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REVIEW: The Last Smile in Sunder City by Luke Arnold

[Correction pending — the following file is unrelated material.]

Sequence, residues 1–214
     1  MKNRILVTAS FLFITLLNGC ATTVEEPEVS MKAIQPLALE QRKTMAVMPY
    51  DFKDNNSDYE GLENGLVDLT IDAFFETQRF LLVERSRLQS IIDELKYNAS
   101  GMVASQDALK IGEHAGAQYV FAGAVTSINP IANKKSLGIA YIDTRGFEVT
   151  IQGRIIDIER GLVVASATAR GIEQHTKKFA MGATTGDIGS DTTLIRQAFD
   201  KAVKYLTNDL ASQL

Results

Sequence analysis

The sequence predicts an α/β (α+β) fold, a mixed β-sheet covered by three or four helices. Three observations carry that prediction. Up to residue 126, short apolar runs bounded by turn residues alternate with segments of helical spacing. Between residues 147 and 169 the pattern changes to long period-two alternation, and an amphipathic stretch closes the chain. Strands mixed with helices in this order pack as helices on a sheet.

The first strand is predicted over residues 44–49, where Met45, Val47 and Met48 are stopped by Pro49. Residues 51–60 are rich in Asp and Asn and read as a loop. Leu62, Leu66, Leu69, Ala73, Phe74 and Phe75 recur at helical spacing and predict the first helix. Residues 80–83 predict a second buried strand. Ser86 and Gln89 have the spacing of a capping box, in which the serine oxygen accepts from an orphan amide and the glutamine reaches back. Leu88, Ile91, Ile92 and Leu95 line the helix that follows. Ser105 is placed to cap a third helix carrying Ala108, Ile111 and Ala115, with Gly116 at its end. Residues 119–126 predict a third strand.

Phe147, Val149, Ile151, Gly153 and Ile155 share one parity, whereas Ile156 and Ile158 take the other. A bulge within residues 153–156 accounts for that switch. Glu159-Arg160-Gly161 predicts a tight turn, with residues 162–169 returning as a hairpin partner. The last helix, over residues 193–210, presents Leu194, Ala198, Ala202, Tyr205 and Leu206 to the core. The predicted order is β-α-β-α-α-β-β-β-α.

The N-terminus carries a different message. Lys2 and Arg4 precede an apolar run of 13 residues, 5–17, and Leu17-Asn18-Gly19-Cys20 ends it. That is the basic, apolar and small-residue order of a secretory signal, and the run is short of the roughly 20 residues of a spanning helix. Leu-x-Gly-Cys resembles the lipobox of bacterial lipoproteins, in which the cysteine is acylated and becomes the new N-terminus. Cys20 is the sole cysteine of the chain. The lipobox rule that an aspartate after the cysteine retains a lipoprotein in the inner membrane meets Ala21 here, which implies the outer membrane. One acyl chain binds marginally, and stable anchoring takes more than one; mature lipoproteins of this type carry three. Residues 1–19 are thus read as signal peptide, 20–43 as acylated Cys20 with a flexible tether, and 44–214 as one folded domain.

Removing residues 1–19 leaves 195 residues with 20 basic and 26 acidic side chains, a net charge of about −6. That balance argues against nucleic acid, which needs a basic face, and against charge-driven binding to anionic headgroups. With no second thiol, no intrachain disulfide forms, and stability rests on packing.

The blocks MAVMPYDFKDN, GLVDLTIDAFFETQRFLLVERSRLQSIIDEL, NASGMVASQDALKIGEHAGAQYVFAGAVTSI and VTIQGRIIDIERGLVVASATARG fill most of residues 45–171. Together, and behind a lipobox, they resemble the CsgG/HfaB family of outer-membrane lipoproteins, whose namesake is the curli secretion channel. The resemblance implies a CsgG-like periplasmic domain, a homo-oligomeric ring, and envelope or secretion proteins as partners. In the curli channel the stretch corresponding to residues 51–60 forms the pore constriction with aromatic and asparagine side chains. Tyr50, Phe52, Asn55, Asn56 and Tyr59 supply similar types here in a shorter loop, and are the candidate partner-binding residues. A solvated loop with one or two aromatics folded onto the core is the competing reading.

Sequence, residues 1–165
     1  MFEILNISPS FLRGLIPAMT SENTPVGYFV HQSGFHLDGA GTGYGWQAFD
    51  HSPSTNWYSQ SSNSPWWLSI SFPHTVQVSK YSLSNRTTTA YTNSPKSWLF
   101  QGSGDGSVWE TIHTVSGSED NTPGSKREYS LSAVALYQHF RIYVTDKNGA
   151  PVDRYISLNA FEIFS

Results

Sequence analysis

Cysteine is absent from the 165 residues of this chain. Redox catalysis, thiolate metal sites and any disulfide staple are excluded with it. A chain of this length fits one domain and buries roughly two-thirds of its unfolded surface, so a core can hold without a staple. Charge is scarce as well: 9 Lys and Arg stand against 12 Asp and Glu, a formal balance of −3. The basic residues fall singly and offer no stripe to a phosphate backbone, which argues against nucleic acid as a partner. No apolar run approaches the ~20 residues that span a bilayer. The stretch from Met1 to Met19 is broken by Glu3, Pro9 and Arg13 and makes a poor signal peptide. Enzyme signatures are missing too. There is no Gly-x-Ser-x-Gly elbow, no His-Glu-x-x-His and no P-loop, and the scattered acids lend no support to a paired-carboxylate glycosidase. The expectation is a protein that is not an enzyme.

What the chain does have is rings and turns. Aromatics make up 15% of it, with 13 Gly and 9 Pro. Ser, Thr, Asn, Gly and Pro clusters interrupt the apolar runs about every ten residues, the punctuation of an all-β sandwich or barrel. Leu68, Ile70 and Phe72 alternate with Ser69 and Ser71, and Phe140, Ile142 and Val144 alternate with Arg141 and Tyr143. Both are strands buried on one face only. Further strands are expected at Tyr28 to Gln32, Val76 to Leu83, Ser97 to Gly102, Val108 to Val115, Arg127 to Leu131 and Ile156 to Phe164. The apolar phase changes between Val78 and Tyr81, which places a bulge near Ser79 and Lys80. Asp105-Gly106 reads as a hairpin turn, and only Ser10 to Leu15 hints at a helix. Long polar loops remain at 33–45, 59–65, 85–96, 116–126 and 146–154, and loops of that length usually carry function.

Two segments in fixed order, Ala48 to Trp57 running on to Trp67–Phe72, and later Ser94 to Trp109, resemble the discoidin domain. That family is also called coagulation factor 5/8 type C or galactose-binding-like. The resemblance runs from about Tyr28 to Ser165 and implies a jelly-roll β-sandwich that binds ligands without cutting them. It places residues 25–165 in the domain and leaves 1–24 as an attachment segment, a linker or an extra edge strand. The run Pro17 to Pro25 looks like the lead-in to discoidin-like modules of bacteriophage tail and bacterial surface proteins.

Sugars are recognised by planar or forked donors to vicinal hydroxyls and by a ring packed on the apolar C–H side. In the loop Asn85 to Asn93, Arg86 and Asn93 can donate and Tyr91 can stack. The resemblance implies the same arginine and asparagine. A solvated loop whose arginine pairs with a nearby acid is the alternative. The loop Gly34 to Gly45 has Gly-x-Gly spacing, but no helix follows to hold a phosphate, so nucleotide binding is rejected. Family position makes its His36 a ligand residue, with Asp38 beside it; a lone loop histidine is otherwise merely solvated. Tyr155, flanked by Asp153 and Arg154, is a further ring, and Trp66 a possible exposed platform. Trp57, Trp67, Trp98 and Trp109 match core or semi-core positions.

3.5/5 stars — fantasy noir with imaginative worldbuilding and a world-weary protagonist I view The Last Smile in Sunder City as two stories: that of the eponymous city and that of the main character. The former interested me much more than the latter, which left me slogging through parts of the book that dove too deeply into main character Fetch’s Phillips' history and personal life. The fundamental tragedy and awkwardness of a society whose component individuals no longer understand who they are or how they’re meant to fit together was fascinating; Fetch himself was an unsympathetic protagonist I often couldn’t get behind. That bit in the blurb that recommends this book to fans of Jim Butcher? I did myself a bit of a disservice by ignoring it (or interpreting it optimistically, maybe), because The Last Smile in Sunder City parallels The Dresden Files in atmosphere, characterization, and theme. As in The Dresden Files, I enjoyed this book’s dark humor, its melange of urban fantasy and suspense-driven mystery, and the depth of its world. And as when reading The Dresden Files, I tired quickly of the main character’s self-flagellation without significant change in behavior and his attitude toward women. If you like Butcher’s writing, you’ll like this. If not…well. The pacing had issues. Novels that rely on flashbacks/dual timelines often lag unless the jumps between past and present are timed well in the structure of the over narrative. In this case, most of the scenes from the past timeline came in the late second act and early third act—just when the present-day story was trying to build suspense around a disappearance and murder investigation. A number of long passages explaining the world and its mechanics weighed the pace down further. Now for the positives! I know I came in heavy with the critique, but I did enjoy this book. I’m a sucker for punchy dialogue (internal or external) and quotable lines, and while Luke Arnold seems to live on the line between creative description and purple prose, I found even the riskier linguistic gambits memorable and mostly successful. For example, I loved this zeugma: “Mrs. Gladesmith came to the door dressed in a nightgown and despair.” Later, there was this simile, which is one of many I thought were clever: “His smile closed like a handbag with a broken zipper.” On the content level, I appreciated that the story interrogated the idea of a traumatic childhood driving a character’s negative actions in the present. I also liked how part of Fetch’s backstory involved members of a fictional hate group grooming him to believe he a) deserved more privilege than in-world minorities, and b) was threatened by those minorities’ mere existence. That kind of rhetoric is common in recruiting by real-world hate groups and it’s valuable to see how insidious that strategy can be. I also found the theme of loneliness compelling. We’ve got lines like, “Friends serve a purpose but every man needs a few good enemies to remind him who he is,” and “A good man is made through a lifetime of work. Great men are made by their monsters,” but for all his contemplation of friends and enemies, Fetch is isolated. He hates his fellow humans (with good reason, since they’re species supremacists in many cases) and is ostracized by those magical folk who survived the loss of magic. This struggle is one of the reasons I’m interested in continuing the series as sequels are published—I want to find out if Fetch ever becomes less misanthropic. Anyway, that’s a long-winded way of saying my experience of The Last Smile in Sunder City was a mixed bag. I recommend it with reservations—unless you like Jim Butcher a whole lot, in which case you’ll love this book too! Even though this specific story and main character aren’t super appealing to me, I really enjoyed Arnold’s prose and worldbuilding, and will likely pick up his future books. Content warnings: alcoholism, painkiller abuse/dependence, death, violence/gore ** I received an advance copy of this book from the publisher in exchange for an honest review. **

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